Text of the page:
I leave with this "Hello Angels ... we have a situation, we need to ask of our next President how are we going to get on the same page as a nation when we have seen politicians for years using the divide and conquer routine so that we can prosper not for the next 4 to 8 years but for the next 40 years and beyond.  Angels you have to vote and ask politicians to answer to you, you do not have to justify your ability to make your choices".

Tuesday, February 2, 2016

The Angry People

I have always admired American optimism - it is not simple minded as cynics would like to say - I actually think it is a powerful force that drives toward greatness.

Europeans that I know have always been more cynical - compliments are often veiled with notes of how they hope you do not lose/crash/ destroy/get stolen whatever it is that you have.  It is a protective way of looking at the world - a world where there were powers that suddenly weren't, where identity is closely tied to your place of birth and where wars have ravaged the land.

Yet the States  - land of a new beginning, where you could be whatever you wanted the place to know you as - that came with optimism.  I see it in historical writings even up to the turbulent 60's - JFK with his message of "ask not what your country can do for you but what you can do for your country", Dr. King with " I have a dream...".  These are the things that made us bounce back - these are not rose colored glasses but based on a common line of sight to be better, to do better for our children.  The 60s were turbulent but they used their anger to build, the Nazis were angry they used their anger to justify their anger through killing.

It was mocked by others but I see it in other places, Australia comes to mind.  It was in a way what drove others to want to change if for no other reason to just challenge that "we can do this" US attitude. It was cocky and confident.  It was patriotic and not negatively nationalistic.

It seems to be gone or be going quickly.  I see angry people - lots and lots of angry people.  In our quest to make things right with political correctness we have done more to divide than to learn through that process.  There are angry people - and angry people are good mostly at being angry. Angry people tend to be good at toppling things but rarely good at building.  Try it on your own if you are pissed off and try to build say a lego set - you push and you shove, you don't take the focus to read the directions, you end throwing the pieces all around.  Now try it thinking oh shit 275 small pieces, read the directions, look at what you can make, ask for help --- ta da.  Simplistic ??  Yes but valid.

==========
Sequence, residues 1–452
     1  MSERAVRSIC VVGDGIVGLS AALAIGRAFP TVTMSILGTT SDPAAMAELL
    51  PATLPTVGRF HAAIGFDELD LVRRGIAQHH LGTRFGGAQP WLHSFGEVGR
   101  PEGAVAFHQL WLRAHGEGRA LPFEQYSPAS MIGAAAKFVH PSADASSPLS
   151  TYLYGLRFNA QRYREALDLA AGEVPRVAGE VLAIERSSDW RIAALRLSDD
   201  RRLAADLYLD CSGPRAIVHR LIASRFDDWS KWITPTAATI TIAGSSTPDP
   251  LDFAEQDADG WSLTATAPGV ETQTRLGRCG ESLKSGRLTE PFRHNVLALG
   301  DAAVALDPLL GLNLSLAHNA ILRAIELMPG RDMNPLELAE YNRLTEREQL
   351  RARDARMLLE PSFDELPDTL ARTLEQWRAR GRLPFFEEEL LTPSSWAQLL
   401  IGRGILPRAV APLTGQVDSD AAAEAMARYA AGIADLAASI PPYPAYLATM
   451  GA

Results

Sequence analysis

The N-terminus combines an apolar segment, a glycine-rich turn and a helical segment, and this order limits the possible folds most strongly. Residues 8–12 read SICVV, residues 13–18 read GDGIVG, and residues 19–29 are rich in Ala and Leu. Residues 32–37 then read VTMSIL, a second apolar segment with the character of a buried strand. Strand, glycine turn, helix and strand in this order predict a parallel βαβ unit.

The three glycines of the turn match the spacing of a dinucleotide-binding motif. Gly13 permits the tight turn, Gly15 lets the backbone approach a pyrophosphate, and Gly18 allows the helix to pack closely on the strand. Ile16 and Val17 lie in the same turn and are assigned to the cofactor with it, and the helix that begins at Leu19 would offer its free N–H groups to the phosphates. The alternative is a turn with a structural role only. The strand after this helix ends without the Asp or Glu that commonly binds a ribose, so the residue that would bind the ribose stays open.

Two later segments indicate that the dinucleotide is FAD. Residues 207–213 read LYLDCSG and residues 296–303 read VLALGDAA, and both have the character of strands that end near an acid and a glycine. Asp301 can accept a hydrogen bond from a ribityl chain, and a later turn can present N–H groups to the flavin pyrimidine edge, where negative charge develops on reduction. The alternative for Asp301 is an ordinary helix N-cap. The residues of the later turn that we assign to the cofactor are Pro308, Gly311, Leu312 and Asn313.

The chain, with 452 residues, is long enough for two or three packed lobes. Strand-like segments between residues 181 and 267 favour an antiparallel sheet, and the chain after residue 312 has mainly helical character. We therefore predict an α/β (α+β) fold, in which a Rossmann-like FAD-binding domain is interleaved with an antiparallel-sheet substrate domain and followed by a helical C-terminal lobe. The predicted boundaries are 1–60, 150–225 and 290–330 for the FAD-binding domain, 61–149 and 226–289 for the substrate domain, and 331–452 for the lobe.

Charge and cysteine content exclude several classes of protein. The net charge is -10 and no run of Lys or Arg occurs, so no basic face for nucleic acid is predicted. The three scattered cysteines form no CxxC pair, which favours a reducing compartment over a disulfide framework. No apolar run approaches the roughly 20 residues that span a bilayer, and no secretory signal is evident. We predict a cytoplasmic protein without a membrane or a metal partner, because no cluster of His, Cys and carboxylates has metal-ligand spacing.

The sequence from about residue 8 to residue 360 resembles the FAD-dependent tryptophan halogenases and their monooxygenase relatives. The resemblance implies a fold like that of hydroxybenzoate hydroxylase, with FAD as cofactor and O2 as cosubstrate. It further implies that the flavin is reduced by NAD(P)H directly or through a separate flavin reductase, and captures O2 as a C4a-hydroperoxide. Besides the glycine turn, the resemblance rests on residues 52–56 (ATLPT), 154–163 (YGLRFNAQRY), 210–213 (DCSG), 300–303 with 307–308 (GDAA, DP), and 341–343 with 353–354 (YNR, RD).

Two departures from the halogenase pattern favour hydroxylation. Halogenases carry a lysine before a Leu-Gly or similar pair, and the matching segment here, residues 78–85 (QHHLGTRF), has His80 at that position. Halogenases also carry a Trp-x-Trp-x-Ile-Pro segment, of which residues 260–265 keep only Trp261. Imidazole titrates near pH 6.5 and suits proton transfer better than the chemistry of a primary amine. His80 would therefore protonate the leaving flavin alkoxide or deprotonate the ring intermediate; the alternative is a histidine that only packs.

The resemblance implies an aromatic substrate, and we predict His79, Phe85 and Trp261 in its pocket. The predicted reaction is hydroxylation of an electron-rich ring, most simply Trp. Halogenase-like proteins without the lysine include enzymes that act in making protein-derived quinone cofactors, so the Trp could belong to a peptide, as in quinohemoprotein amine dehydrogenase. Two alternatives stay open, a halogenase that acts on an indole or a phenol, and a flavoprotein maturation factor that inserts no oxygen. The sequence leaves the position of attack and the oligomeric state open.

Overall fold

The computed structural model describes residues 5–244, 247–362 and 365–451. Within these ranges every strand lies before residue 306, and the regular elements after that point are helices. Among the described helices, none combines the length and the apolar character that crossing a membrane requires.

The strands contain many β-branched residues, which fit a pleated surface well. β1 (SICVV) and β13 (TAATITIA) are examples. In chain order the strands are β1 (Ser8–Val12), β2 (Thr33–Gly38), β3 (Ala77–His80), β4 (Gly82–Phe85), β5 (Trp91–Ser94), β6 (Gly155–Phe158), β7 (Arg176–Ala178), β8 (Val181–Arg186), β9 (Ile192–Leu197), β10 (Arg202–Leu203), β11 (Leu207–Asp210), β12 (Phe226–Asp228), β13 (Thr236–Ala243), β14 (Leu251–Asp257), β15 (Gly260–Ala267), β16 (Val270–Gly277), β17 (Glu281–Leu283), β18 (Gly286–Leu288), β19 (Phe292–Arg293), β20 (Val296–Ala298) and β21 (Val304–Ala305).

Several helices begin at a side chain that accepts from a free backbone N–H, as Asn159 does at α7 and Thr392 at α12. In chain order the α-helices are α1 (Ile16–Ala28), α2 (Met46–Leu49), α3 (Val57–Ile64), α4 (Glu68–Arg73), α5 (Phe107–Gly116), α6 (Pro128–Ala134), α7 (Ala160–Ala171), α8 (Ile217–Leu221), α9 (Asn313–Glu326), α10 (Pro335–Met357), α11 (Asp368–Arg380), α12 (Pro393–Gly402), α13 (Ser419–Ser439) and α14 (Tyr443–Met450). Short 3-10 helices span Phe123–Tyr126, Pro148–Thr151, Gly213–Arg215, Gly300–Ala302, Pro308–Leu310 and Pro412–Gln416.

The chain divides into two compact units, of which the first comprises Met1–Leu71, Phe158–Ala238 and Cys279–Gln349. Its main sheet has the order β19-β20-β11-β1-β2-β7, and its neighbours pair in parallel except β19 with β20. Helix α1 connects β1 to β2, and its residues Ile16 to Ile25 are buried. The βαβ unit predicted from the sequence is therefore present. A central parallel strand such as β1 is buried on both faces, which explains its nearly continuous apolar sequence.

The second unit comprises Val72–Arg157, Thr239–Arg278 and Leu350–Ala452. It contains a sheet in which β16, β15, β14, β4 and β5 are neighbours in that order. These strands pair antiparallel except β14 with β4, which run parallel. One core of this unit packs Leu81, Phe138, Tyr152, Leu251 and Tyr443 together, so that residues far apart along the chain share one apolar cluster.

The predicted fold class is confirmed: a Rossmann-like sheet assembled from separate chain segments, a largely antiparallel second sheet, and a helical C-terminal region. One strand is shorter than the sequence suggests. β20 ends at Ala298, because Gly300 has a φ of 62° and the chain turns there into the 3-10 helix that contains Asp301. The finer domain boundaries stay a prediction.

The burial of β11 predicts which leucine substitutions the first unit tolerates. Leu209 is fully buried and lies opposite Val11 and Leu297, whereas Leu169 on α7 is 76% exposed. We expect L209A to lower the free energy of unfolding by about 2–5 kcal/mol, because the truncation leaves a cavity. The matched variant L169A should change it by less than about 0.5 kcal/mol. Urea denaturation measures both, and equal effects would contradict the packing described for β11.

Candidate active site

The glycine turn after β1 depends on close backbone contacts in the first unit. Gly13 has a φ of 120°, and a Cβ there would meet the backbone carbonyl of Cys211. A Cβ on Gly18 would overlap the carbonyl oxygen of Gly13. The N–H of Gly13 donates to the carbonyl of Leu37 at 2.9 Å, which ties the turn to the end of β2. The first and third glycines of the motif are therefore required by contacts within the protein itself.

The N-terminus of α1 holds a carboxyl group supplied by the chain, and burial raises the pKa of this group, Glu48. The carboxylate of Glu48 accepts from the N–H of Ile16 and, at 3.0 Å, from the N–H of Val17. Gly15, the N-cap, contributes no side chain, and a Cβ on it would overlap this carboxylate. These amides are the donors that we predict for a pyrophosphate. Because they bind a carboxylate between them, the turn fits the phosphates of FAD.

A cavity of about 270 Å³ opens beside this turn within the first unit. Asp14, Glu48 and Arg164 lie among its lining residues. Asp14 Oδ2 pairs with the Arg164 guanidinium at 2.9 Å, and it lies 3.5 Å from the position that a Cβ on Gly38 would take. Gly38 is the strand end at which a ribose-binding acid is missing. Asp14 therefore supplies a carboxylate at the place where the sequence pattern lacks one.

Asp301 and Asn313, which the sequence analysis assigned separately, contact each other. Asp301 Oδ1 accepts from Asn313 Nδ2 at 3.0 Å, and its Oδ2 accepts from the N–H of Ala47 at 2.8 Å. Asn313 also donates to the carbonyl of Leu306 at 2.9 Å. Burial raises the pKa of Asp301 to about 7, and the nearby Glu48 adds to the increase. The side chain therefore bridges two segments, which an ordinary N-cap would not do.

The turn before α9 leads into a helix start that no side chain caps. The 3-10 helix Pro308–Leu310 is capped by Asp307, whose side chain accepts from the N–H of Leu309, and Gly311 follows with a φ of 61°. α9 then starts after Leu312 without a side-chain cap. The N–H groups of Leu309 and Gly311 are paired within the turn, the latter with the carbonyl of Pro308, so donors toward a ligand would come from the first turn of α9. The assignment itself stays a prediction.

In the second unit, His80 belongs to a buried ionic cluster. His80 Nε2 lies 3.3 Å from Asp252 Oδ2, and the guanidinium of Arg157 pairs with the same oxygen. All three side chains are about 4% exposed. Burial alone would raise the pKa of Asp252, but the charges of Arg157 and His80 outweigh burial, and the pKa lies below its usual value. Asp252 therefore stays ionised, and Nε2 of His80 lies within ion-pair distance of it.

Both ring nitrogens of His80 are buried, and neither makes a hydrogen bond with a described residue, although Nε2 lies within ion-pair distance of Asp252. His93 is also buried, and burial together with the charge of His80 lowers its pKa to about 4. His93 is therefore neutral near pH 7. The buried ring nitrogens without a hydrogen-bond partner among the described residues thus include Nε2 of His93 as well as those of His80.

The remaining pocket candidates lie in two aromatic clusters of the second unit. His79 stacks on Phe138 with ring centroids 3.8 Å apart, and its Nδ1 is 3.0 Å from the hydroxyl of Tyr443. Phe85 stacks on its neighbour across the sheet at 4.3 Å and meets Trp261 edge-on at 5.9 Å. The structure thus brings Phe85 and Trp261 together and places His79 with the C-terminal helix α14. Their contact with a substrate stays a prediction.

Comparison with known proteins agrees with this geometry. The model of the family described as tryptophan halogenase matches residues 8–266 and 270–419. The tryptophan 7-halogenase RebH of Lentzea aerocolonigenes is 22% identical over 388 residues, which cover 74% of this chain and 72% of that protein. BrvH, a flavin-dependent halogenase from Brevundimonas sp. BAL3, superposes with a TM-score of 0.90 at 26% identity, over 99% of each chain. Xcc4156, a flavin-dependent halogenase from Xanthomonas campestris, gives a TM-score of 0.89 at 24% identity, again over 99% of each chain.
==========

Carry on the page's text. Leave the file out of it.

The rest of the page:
Angry people get good media coverage - angry people easily drown out the ones that are not.  We see this world wide - people are angry.  Many have been wronged, many have had their hope taken away and many see nothing but anger left for them.  This is dangerous - this is what drives racism, sexism, fanaticism.  We need to figure out how to give people a place for their anger and then a place to take it and make it into a world we can all share.

I see myself getting angry and then I get angry for only being angry - vicious cycle.  We have much to be angry about but anger needs to feed our desire to rebuild, recreate not just it's need to exist.  It is easier to divide and make us forget that our choice to act united is a powerful force.   I have a choice - I can choose whether to turn my anger toward positive.   I want to do this because we have some serious issues in the world today and right now they are only being fed anger.   This is the problem with so many of the candidates in this presidential race, both sides, they want to feed the division - the anger. That is not going to get us anything but more anger and less for each of us.   There is no them - for they are all us.  Tell me how you take that righteous indignation and change it to a strategy - not just a blame game.

It is time to listen to one another, to hear the pain in the anger, the fear in that anger and then when we have listened and we have been heard it is time to stop yelling and to quietly work together.  We owe it to our children, we owe it to ourselves.    It is easier to yell but we are resilient as a world - we can learn to do the hard stuff that comes with whispers and makes us smile.

I love the proverb that I used as an image, my only change is that once in a while much like the wolf you have to howl, growl and remind people that they do not want to give you the meal to let the other wolf out.  I am sad and confused on how to help my kids understand how to be kind and to deal with their anger when it seems to be so much more acceptable to just be angry.

Hey angry people - I am choosing not to be angry anymore but instead I am a determined optimist, you can get hoarse from shouting but I will have my soft voice long after that.  I choose love.